Competition on Rugged Landscapes: The Dynamics of Horizontal Differentiation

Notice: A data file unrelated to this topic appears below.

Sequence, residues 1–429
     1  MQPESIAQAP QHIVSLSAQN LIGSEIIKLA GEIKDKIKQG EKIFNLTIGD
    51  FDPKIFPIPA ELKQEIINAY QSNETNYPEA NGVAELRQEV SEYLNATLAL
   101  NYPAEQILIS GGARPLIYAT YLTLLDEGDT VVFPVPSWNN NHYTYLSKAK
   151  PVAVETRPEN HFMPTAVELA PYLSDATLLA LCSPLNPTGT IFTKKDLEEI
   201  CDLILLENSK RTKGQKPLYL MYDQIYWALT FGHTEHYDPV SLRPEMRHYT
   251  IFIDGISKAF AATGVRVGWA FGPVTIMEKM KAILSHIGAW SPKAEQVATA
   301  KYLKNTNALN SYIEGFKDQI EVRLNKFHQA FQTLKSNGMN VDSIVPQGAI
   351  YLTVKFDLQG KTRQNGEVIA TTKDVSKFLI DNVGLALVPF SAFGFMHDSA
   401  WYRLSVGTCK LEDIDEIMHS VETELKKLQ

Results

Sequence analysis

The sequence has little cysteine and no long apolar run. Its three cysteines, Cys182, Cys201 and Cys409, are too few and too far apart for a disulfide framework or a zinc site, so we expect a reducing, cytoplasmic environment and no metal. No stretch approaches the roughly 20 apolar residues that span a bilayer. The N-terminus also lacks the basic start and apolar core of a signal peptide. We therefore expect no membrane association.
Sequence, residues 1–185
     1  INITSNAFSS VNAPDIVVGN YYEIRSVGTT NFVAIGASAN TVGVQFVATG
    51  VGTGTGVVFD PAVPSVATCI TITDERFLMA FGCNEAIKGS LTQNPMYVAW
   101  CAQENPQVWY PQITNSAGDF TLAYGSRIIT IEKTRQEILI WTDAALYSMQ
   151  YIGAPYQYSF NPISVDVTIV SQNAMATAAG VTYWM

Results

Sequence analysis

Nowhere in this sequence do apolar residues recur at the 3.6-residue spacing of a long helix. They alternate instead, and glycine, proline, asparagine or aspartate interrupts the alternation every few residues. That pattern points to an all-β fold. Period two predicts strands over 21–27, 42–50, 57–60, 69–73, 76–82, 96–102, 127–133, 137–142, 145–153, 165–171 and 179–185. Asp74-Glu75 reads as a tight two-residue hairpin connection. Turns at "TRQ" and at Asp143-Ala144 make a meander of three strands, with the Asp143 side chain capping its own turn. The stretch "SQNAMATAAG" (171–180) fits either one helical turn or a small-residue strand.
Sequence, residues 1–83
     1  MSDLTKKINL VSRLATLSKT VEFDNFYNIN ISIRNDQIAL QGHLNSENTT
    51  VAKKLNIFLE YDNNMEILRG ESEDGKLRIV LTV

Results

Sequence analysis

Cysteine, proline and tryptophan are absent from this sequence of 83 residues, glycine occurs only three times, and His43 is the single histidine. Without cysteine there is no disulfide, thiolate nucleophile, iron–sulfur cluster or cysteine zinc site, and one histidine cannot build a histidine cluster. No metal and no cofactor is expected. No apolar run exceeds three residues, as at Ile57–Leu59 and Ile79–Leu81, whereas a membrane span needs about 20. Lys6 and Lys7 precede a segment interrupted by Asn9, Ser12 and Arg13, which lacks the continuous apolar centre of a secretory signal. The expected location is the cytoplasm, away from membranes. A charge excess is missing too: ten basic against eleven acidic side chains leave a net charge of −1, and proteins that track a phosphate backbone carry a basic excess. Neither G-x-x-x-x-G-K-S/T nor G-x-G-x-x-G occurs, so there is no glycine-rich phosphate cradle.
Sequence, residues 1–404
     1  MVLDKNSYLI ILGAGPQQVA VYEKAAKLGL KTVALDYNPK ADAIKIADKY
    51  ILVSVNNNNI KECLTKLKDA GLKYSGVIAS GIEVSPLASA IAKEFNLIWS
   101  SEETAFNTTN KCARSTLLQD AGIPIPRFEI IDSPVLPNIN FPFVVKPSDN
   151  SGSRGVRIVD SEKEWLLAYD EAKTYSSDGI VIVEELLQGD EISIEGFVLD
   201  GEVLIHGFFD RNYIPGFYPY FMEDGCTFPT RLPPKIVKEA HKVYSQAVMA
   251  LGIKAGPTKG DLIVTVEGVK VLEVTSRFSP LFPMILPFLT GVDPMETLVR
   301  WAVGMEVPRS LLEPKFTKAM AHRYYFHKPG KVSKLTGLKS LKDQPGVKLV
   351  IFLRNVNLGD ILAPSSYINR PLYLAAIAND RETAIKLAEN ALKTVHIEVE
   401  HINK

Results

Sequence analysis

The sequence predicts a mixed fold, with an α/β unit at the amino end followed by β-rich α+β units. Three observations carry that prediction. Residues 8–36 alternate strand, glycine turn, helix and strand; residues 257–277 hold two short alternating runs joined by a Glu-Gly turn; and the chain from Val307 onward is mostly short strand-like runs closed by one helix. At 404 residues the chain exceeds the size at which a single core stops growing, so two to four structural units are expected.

Competition through horizontal and vertical differentiation is central to managers and researchers alike. It is also a fundamentally dynamic process. Research on vertical differentiation studying technological innovation has long incorporated dynamic models of competition, but the same is not true for horizontal differentiation. This paper presents an agent-based simulation model that combines NK and discrete choice models to describe the dynamics of competition through positioning in horizontally differentiated markets. We find that in "rugged" markets with many consumer niches firms disperse to stable distributions where they serve individual consumer niches, there is little adaptation of products, and the effect of competition on performance is small. In contrast, in markets with homogeneous consumer preferences, competition causes persistently volatile situations where firms constantly jostle for favorable positions. Here, competition is highly detrimental to performance and market leaders are frequently dethroned. We conclude that the dynamics of competition matter and are influenced by the distribution of consumer preferences. Our results contrast with the equilibrium solutions commonly used to model horizontal differentiation in industrial organization. It also responds to a recent call in the NK literature for models of interaction between firms.